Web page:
The Federal Reserve hopes to drive down already low interest rates and reboot the sluggish economic recovery by buying up some $40 billion in mortgage-backed securities a month. But there’s a reason to wonder if a different kind of action would be better at getting the economy moving. And that’s a restoration of sensible underwriting standards by lenders so buyers can take advantage of these low rates.
As NAR Chief Economist Lawrence Yun and other economists and analysts have noted, mortgage and other interest rates are already at historical lows. So, for the Fed to try to drive rates down even more really raises the question of how much more demand in home ownership markets can realistically be expected if rates drop from 3.6 percent to, say, 3.3 percent?
What’s more, rates might not even go down as a result of the Fed action, because if inflation-fearing investors sell MBS holdings faster than the Fed buys new MBS issuances, then long-term rates might actually go up—just the opposite of what the Fed hopes will happen.
Be that as it may, as NAR has pointed out repeatedly, and as Federal Reserve Chairman Ben Bernanke has himself said, the sluggish housing recovery, which is keeping the broader economy from seeing faster growth, isn’t just a product of less-than-optimal market demand; it’s a product of too-tight underwriting standards among lenders.
Back in February, in his testimony before the House Budget Committee, Bernanke was very clear that he saw these restrictive standards as a part of what’s wrong with the recovery. “The problems with access to credit in the mortgage market mean the Federal Reserve’s monetary policy is not as effective as it otherwise would be,” Bernanke said on Feb. 3. “Because not as many as could be are taking advantage of the low mortgage rates that we have tried to create. . . . I don’t think this is purely a market phenomenon. I think there are a number of legal and administrative and regulatory barriers to hosing being as strong as it should be.”
Bernanke didn’t identify the legal, administrative, and regulatory barriers he was alluding to. But among the possible barriers that lenders have talked about are loan repurchase rules Fannie Mae and Freddie Mac have in place. Lenders have cited their loan repurchase risk as one of the reasons they’ve imposed underwriting standards on Fannie- and Freddie-backed loans that go beyond the minimum requirements of the agencies. Under these repurchase rules, Fannie and Freddie can require lenders to buy back their loans if the agencies determine the loans aren’t underwritten exactly in accordance with their standards. So lenders, to ensure they don’t get hit with a repurchase requirement, go above and beyond the agencies’ requirements. (FHA and private investors have repurchase rules, too.)
The Federal Housing Finance Agency, the conservator of Fannie and Freddie, has since issued a release intended to clarify the loan repurchase policies of Fannie and Freddie, but the policies themselves haven’t changed.
On top of that, the Consumer Financial Protection Bureau and other regulators are working on rules to implement the big Wall Street reform law enacted two years ago and these rules, even though they’re not finalized, have lenders concerned about what the underwriting picture will look like down the road. Those are the qualified mortgage (QM) and qualified residential mortgage (QRM) rules. QM requires lenders to make loans only to borrowers who can demonstrate the ability to repay and outlines how that’s defined and also under what legal standard lenders would have to meet if they’re charged with making a loan that’s outside the ability-to-repay standard. QRM requires lenders to retain 5 percent of the loan amount on their books if the loan is going to be securitized and sold to investors. The 5-percent hold-back requirement is waived for loans that meet banking regulators’ underwriting standards.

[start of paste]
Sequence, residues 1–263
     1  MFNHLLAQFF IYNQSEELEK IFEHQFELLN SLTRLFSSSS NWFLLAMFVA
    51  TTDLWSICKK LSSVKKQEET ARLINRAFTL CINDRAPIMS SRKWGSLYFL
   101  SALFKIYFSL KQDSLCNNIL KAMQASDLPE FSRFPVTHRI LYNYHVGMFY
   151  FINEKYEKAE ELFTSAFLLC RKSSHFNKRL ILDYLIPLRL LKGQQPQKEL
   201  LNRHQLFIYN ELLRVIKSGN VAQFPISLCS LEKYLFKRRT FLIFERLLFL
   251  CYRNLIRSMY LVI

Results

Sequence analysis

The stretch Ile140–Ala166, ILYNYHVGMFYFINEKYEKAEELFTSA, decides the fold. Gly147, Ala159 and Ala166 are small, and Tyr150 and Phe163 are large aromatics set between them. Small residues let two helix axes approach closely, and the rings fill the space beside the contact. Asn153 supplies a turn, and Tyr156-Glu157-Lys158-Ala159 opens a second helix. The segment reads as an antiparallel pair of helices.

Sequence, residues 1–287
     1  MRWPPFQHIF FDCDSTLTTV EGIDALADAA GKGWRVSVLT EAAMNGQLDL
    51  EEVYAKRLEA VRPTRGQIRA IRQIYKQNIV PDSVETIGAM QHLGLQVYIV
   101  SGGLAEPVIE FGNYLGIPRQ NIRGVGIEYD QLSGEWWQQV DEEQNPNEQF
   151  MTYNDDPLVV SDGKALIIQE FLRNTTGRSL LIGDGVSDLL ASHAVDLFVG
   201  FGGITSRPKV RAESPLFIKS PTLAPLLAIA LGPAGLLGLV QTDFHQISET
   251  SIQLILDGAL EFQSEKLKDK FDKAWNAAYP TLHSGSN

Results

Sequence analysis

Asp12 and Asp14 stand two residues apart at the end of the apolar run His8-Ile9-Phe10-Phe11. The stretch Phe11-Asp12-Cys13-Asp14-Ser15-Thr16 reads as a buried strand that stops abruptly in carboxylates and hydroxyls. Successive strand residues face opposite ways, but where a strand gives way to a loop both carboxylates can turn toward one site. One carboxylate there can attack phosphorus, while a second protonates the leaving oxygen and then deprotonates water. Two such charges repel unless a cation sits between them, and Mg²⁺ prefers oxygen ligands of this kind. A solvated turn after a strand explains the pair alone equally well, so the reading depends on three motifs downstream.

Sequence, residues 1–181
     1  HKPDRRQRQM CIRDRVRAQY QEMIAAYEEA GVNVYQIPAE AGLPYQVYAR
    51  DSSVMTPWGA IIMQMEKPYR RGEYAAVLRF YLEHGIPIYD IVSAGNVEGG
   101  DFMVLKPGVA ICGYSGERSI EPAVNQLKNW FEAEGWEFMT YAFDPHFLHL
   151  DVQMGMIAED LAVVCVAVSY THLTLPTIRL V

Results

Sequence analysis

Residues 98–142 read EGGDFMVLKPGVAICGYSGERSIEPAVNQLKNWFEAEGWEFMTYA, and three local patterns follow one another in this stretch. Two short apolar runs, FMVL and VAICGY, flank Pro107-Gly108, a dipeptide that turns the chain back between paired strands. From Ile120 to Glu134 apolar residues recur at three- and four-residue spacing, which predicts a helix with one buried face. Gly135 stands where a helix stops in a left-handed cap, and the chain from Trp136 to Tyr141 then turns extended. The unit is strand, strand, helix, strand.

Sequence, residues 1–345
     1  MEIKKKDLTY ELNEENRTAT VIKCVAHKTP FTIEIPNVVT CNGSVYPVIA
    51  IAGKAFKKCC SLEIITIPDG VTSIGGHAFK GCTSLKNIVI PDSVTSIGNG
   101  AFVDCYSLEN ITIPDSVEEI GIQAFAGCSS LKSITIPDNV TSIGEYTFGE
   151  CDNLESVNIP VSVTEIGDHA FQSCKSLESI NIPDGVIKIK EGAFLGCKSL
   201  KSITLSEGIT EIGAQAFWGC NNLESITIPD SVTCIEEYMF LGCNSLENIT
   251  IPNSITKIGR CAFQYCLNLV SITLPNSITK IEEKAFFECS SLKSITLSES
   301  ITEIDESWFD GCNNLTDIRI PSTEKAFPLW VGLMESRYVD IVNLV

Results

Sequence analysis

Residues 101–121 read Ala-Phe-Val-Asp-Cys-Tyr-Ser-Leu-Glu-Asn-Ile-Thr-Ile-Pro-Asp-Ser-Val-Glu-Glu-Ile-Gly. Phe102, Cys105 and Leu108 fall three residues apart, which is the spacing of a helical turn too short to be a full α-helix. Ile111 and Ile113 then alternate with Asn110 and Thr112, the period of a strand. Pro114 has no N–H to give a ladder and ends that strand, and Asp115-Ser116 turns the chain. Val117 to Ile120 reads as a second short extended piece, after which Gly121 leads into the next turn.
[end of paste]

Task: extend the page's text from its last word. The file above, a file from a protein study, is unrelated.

NAR has expressed concern with draft versions of both rules and has said the rules should be broad and flexible, otherwise we’ll see the same problem that we’re seeing with the loan repurchase rules: lenders will tighten standards so much that even creditworthy borrowers would be challenged to get financing at affordable costs and in a timely manner.
And then there are changes to bank capital standards by the international Basel III protocol, which isn’t implemented yet but is already causing concern among lenders because they could face increased requirements for holding capital on their books for every loan they make.
When you step back and consider all these matters together, you get an environment that’s not conducive to the kind of lending that’s needed to get the housing market back on a strong growth footing. NAR has been saying for years that lenders simply returning to the safe and reasonable standards they had in place before the housing boom would go a long way in getting the market going.
Along these lines, NAR this morning released survey findings that suggest we could see half a million more home sales a year, and possibly more, if lenders simply went back to their previous safe standards.
In the survey, 75 percent of mortgage loans made today go to borrowers with credit scores of 740 or higher, compared to before the boom—2001 to 2004—when about 42 percent of loans went to borrowers with scores that high.
“A loosening of the overly restrictive lending standards is very much in order,” Yun said in a statement that accompanied the release of the findings.
NAR also today sent a letter to Bernanke suggesting that the Fed, although it doesn’t have a formal role in all of the mortgage rules being drafted, it can play a role in communicating concerns over how the rules are written. “The Fed should work to ensure that these rules take reasonable steps to reduce risk without inhibiting access to mortgage credit,” NAR President Moe Veissi said in the letter.